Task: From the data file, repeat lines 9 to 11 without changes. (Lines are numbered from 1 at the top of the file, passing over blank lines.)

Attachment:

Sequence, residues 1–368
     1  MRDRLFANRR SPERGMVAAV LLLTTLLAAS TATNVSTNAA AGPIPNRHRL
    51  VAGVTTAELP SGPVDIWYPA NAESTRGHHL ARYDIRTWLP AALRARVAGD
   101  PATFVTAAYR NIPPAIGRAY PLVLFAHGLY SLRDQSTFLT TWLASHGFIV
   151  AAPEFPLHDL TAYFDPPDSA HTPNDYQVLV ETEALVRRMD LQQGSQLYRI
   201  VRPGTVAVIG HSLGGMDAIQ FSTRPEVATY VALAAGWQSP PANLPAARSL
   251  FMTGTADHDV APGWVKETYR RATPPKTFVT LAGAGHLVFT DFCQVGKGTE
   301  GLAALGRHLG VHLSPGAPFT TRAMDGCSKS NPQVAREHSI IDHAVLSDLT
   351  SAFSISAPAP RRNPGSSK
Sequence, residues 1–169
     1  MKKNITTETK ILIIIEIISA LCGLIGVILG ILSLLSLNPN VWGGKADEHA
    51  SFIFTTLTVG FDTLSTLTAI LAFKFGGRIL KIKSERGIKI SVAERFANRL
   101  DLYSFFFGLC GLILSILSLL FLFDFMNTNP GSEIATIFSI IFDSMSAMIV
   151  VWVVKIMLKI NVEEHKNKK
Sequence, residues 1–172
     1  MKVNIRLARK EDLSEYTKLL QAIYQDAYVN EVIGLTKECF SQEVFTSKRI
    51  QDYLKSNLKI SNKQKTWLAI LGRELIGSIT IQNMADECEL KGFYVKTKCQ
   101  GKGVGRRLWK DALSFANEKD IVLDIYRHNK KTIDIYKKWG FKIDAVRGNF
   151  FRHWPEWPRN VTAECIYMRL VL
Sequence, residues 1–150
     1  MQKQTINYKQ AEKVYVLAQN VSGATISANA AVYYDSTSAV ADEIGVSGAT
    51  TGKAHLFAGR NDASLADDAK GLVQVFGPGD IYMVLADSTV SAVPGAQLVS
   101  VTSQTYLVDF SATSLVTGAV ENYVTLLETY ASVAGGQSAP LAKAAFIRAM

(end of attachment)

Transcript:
   351  SAFSISAPAP RRNPGSSK
Sequence, residues 1–169
     1  MKKNITTETK ILIIIEIISA LCGLIGVILG ILSLLSLNPN VWGGKADEHA